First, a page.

compaq BIOS debacle

By walleys ยท 10 replies
May 19, 2002
  1. I have been learning all I can about tweaking BIOS settings (overclocking, etc.) only to find out that Compaq allows verrrry limited access to the BIOs. I am trying to tweak two different machines both Compaq and both AMD, a K6-2 and an Athlon. Any suggestions on how to get into some action here, people?
  2. MrGaribaldi

    MrGaribaldi TechSpot Ambassador Posts: 2,512

    Try to find out who has made the mobo, and if it corresponds to any other mobo that the manufacturer makes (i.e. Compaq only uses a special cut down BIOS).. If so, download a BIOS update from the mobo manufacturer, and install that...

    NOTE!: By installing a different BIOS than the one which came with the board, you might end up with a dead mobo, in which case you'll have to call up Compaq and buy a new one (or find one somewhere else)... You also void your warranty doing this...
  3. JAV

    JAV TS Rookie Posts: 210


    Ain't that nice of Compaq? I know exactly what you mean! I have a Compaq & you can't get into the settings, that I can find. Compaq won't help (you prolly know that) & their BIOS updates are few & far between. Mine is 7-24-2000. :rolleyes:

    Download this: & it has a tab ('system') that will identify the board, mfg & the BIOS # & date. :cool:

    Best of luck,
  4. Vehementi

    Vehementi TechSpot Paladin Posts: 2,704


    Compaq thinks they're protecting their users from accidentally "breaking" their computers, thus annoying their already annoyed tech support staff. :rolleyes:

    Find the sysbo manufacturer, if Compaq makes their own proprietary boards, you're screwed and Compaq is dumb. If it's a different manufacturer, go to their site and flash your BIOS.
  5. Rick

    Rick TechSpot Staff Posts: 4,572   +65

    Unfortunately, I think this is the case.
  6. Vehementi

    Vehementi TechSpot Paladin Posts: 2,704

    As I am too...

    If it were me I'd actually buy a new sysbo. Using a sysbo from a company like Compaq is like using the internet with AOL. Both companies just don't know what they're doing, and is terrible for the people who know something at all about computers, but just fine for the people who don't really care. (Hehe - even my grandma used to use AOL, but she absolutely disses it now)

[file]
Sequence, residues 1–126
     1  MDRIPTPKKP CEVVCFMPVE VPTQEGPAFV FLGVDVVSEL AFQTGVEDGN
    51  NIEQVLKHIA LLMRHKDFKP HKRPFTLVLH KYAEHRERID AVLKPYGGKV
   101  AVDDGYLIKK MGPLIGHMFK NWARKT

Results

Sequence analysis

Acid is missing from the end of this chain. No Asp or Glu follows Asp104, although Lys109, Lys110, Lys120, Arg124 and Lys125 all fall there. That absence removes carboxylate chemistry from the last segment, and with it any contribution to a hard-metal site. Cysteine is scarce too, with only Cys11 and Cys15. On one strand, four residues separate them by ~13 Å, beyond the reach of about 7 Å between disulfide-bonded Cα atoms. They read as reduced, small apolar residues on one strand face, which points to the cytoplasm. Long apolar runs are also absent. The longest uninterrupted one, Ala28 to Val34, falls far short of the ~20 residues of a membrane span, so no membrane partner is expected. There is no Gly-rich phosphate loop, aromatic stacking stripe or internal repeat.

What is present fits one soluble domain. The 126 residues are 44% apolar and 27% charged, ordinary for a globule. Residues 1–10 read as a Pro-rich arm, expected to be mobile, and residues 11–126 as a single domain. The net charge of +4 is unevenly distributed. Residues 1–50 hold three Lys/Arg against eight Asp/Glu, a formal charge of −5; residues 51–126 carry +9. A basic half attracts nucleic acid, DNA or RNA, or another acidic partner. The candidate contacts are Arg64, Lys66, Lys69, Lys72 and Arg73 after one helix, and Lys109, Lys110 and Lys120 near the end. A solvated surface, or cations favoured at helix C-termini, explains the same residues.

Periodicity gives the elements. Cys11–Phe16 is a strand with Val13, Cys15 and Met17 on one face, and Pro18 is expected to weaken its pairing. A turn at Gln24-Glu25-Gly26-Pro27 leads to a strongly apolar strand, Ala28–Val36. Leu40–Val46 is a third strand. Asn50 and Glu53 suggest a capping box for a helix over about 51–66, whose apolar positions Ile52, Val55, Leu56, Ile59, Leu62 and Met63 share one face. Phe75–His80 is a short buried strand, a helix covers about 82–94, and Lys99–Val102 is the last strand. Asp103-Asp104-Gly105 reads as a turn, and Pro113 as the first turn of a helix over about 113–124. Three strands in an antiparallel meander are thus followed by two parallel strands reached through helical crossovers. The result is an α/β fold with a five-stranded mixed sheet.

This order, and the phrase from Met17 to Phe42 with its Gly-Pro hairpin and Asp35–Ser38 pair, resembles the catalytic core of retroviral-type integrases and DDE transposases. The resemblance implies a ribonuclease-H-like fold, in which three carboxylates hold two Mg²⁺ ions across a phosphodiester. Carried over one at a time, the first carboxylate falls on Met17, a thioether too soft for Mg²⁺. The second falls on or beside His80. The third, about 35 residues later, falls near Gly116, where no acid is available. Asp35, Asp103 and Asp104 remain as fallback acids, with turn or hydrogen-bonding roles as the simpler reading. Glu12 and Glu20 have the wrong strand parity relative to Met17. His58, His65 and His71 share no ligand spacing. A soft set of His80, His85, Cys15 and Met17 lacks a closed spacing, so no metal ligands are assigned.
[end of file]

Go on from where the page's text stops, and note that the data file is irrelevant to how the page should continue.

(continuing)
7. Tedman

    Tedman TS Rookie Posts: 39

    And thats why we build our own computers nowadays. Because we know what we got and we can change what we got.
  8. StormBringer

    StormBringer TS Maniac Posts: 2,244

    Companies like Compaq do crap like that to try and avoid customers who do stupid things like accidentally trash their computers. The problem is that when someone with half a brain decides to upgrade or has a problem after the warranty period, then they run into a headache trying to do so without having to buy the replacement from Compaq. The other reason is to keep the customer coming back to them for all their upgrade and replacement parts. It is a real pain trying to get a non-compaq motherboard or PSU to work in those machines, however if you change both, it is much easier. Well, that used to be the case, it has been a couple of years since I've dealt with a compaq.
  9. walleys

    walleys TS Rookie Topic Starter

    Thanks, and...

    Thanks for all the info, folks, even though it doesn't at all look good for me. Let me throw this one at all of you. Would I even be able to upgrade the CPU myself without access to the BIOS? I'm betting not. Any ideas?
  10. ss1

    ss1 TS Rookie Posts: 94

    If the BIOS can automatically detect new processor speeds then yes or if the processor speed is set by jumpers then you have a good chance of upgrading the processor sucessfully. However if not then its best to get a new Motherboard.

    My recommendation: Get a new Motherboard. It could potentially save you some headaches.

  11. Vehementi

    Vehementi TechSpot Paladin Posts: 2,704

    Althought I'm betting they won't work with a proprietary board like that, there are third party programs that allow you to change the CPU speed from inside Windows, like SoftFSB or the like.
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